Editorial: Transhumanism in Gaming: The Missing Something

Editorial_9_25I am missing something from the more transhumanist games following in the wake of earlier generations of cyberpunk themed rpgs. That something is criticism, ambivalence.

Whenever transhumanism finds its way into a setting, it seems to be portrayed in nothing but a positive light. As players and game masters we are presented with the chances, choices, and challenges, with the fun and excitement, the shiny toys and incredible abilities, and that's it. All the potential pitfalls, problems, and pains, all the imaginable dark sides of a transhumanist world or the way towards one are glossed over.

Sure, the rivals and enemies of the pcs may employ all the goodies as well, but the conflict there does not stem from the technology or the philosophy; guns do not kill people, people do. What I am missing is a setting that – without falling back on aged cyberpunk tropes – incorporates transhumanism but takes a somewhat dim view of it.

To be blunt (as rpgs are wont to be): What I am missing is a game where the transhumanists are the enemy. A game where the pcs are the humanist resistance, the unaugmented underground, bombing mankind back to baseline – one enhancement clinic at a time.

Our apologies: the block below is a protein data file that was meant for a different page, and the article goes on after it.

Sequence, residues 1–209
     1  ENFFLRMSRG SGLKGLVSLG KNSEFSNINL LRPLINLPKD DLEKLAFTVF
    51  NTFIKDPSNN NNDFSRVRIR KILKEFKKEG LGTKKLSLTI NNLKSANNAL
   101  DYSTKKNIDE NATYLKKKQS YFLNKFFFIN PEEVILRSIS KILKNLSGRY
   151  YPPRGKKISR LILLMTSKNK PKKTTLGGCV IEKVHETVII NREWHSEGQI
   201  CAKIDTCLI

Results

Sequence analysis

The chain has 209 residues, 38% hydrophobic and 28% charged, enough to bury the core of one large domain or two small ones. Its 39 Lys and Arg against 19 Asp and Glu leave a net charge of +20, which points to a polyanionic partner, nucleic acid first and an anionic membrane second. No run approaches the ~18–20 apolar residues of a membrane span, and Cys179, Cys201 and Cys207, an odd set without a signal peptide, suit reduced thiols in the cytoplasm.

If you know that game I miss, drop by on the forum and tell me about it.

And while you're there, why don't you comment on the coming week's articles:

On Monday, Prime, together with 700Manifestations, will follow up on his previous article about Social Complexity in RPGs, this time with a full-blown alternate rules module to simulate social conflicts in your D&D 3.5 or Pathfinder games.

And on Thursday, in spite of my ranting editorial above, I will present the Poseidon Retriever (Poseidon Retriever German), a genetically enhanced dog breed for Blue Planet v2, a game that includes its share of criticism but spares little of it for its strong enhancement elements.


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